Jordan's thoughts in Jung's "Psychological Types".
"the reflective character, the introvert, though certainly trying to deal with his unruly affects, is in reality more influenced by his passions than the man whose life is consciously guided by desires oriented to objects. The latter, the extravert, tries to get away with this all the time, but is forced to experience how his subjective thoughts and feelings constantly stand in his way. He is far more influenced by his psychic inner world than he suspects. He cannot see it himself, but the people around him, if observant, will always detect the personal purpose in his striving ". <...>.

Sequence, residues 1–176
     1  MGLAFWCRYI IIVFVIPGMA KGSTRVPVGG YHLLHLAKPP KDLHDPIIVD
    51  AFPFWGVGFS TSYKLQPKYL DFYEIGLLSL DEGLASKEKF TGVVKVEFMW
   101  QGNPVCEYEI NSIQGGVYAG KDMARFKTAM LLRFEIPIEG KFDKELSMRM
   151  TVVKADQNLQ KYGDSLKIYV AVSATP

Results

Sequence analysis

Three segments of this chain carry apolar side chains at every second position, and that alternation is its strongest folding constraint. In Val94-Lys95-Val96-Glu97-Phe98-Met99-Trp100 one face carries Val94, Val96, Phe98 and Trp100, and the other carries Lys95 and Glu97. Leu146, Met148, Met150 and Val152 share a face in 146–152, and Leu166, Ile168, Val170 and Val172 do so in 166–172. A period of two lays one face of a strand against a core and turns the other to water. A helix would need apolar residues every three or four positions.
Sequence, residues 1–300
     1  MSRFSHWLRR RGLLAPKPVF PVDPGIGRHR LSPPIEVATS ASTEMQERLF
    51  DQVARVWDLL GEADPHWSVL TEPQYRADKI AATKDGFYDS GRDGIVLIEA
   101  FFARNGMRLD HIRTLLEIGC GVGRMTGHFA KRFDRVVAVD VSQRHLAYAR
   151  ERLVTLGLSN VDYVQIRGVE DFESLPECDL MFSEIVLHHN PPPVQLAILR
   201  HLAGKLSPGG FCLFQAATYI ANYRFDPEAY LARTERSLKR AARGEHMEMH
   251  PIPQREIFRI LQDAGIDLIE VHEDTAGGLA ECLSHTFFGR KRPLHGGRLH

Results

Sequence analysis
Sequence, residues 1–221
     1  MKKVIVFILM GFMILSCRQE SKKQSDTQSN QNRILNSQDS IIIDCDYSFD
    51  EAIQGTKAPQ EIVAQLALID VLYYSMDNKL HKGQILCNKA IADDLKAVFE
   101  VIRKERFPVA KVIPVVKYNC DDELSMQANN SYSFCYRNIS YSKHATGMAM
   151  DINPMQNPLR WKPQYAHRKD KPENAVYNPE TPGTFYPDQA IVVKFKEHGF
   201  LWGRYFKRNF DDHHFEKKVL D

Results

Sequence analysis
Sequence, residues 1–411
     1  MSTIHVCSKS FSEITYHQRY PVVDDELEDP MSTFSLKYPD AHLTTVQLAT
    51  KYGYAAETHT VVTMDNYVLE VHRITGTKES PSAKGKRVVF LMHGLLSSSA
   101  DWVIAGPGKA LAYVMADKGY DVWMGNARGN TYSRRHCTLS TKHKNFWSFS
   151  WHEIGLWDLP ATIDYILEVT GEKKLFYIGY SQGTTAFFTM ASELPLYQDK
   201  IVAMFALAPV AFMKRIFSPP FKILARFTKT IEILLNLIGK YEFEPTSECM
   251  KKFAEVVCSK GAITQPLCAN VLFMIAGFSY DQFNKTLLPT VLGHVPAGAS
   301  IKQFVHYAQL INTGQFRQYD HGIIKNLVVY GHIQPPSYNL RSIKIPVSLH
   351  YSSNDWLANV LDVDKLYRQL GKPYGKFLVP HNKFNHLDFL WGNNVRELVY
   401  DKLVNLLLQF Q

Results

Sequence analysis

"The other, the introvert, with his conscious thought-out intentions, always overlooks what the people around him see only too clearly, that his intentions are really subservient to powerful impulses, lacking both aim and object, and are in a high degree influenced by them."
"The observer and critic of the extravert is liable to take the parade of thinking and feeling as a thin covering that only imperfectly conceals a cold and calculated personal aim. Whereas the man who tries to understand the introvert will readily conclude that vehement passions are only with difficulty held in check by apparent sophistries. "